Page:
Osama bin Laden’s Death: A Time to Reflect, Not Celebrate.

Via John DiGilio
on May 1, 2011
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No, I am not celebrating tonight. I am waiting…

“Do not rejoice when your enemies fall, and do not let your heart be glad when they stumble.” ~ Proverbs 24:17.

“The Bible also says that you should love your enemy as yourself, and that vengeance is the Lord’s alone.”

~

What initially seemed inevitable in the wake of the September 11 terrorist bombings and gradually came to look like an exercise in futility has finally come to pass.

Osama bin Laden, leader of al Qaeda, has been killed.

He was a terrorist and the epitome of evil to millions.

To many others, he was a freedom fighter.

The people who saw him as a soldier of God will tonight call him a martyr, while those who still live with the horror of the attacks on the World Trade Centers will take relief at justice finally served.

Regardless of perspective, this is neither a time to celebrate or mourn.

This is a time to reflect on a near decade of fear and violence. It should be a time to step back and say “never again.”

The news that United States forces had finally caught up with the mastermind behind the infamous 2001 attacks, as well as many others, comes to most as a surprise. The reaction has been varied. From sighs of relief, to celebrations, to outrage, bin Laden is as polarizing in his end as he was in life.

Perhaps the hardest images for me to watch right now are those of revelers in front of the White House. It is troubling not because I cannot identify with what they are feeling. Until the day I die, I will never forget the scenes of terror barely a decade ago. I remember well my own anger and utter sadness. What strikes me though is that these images recall for me similar sights of people celebrating in the Middle East as the Towers came down. Were we not all outraged at those pictures?

Do not get me wrong, I believe that justice and karma have been served.

Osama bin Laden died as violently as he lived. Part of me wants to shout out in relief. But I cannot help but think that this is not the time for such behavior. The death of a man, any man, is not something to celebrate. Regardless of how or why the end came, a death should cause us to stop and reflect on the life that was lived. Bin Laden was an angry man, whose hatred so overflowed his earthly vessel that it continues to sweep up lives around the world in a torrent of violence and death. His beliefs and rhetoric were not born over night. They were the products of decades, no centuries, of misunderstandings, misdeeds, and misconceptions by forces bigger than him. Tonight, the man may be dead, but the anger and fear that empowered his cause continue to thrive. This is the fight that lays ahead for us all.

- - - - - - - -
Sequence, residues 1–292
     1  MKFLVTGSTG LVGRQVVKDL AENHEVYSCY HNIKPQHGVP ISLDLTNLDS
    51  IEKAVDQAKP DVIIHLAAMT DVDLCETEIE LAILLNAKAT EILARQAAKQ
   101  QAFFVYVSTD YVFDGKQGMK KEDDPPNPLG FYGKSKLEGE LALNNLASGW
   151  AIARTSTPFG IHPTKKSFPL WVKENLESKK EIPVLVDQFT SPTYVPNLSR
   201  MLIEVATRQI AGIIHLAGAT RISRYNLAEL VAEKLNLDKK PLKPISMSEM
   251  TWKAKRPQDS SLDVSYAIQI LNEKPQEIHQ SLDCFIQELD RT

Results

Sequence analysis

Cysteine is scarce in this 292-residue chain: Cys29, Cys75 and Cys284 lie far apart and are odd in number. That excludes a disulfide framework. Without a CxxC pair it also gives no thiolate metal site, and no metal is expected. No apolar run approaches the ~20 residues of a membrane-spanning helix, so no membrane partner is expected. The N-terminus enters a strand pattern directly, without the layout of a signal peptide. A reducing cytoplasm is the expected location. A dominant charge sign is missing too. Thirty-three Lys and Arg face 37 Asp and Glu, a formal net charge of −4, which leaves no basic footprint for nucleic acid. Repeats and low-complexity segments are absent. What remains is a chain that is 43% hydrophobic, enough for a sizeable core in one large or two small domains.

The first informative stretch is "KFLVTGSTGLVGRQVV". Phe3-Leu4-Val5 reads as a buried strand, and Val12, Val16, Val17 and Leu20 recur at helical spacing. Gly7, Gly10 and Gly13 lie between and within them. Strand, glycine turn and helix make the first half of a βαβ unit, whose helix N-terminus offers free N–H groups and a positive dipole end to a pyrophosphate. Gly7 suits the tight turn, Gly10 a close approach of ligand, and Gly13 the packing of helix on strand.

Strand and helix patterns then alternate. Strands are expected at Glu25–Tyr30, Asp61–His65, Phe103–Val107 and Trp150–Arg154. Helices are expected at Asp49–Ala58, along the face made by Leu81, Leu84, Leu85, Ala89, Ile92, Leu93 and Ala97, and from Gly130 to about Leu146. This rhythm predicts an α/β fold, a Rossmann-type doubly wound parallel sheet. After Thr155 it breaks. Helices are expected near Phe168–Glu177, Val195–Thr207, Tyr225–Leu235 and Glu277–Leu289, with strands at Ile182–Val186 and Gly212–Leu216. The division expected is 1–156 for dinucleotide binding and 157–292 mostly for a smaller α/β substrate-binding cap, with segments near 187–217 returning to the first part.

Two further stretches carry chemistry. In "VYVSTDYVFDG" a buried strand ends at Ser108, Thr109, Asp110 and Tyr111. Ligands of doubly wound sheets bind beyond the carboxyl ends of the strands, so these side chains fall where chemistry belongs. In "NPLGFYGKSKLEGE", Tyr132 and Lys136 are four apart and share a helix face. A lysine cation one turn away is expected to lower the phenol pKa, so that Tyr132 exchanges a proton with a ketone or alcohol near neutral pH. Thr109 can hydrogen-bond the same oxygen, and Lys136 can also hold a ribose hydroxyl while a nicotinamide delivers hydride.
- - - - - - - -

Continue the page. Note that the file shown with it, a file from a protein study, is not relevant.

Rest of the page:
Before any of us raises a shout in celebration of bin Laden’s end, we should perhaps stop and raise the penultimate question. What now?

It is time for the whole world to take stock of what it has learned from this terrifying and deadly game of cat and mouse that has played out globally over this last decade. The loss of life, down to the Osama’s own death, has been staggering. When will it end?

No, I am not celebrating tonight. I am waiting for the day when men no longer feel the need to kill or be killed for the sake of righteousness or hatred. On that day, I will party with the best of them. Tonight and in the days ahead, I will be praying and working for that moment.

Lord, make me an instrument of your peace.
Where there is hatred, let me sow love.
– Prayer of St. Francis

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About John DiGilio

John DiGilio lives in Chicago with his partner and his boss, a finicky Chihuahua by the name of Peanut. He is a practicing Soto Zen Buddhist and Gnostic seminarian. John’s interests include anarchism, vegetarian cooking, and reading. He is a librarian, educator and writer in the fields of law, information, ethics and spirituality. For more, check out John's post at the Chicagoist.

Comments

52 Responses to “Osama bin Laden’s Death: A Time to Reflect, Not Celebrate.”

  1. NICK CHAN says:

    There are many religious perspectives on this issue. Most religion would agree that karma has come around and that Osama Bin Ladin deserved to die and that it is a "good thing" Although I did not feel and experience the attack on the Twin Towers, I am sure all of us want justice and revenge over the thousands or more families he killed. This I agree. However, we forget about our righteousness and our religion. Have we succumb to hatred that even the very compassion that we obtain has left us? Religion also tells us of grace and forgiveness. In this world its hard to forgive, but celebrating over a dead person who killed is just the same attitude of the long going conflict and fights that rages. Haven't Christian taught not to despise people especially when they are dead even thought one has done a extreme sinful thing? I know that some of you do not except it, but the more you celebrate, the more we become like him or, at least in our hearts.

  2. Barbara 不真 says:

    “[I]t is God whose help and forgiveness we seek and whose name we uphold against our own evil and our wrongdoings.” (August 1996)
    “As to you my children, forgive me because I’ve given you only a little of my time since I answered the jihad call.”
    Osama Bin Laden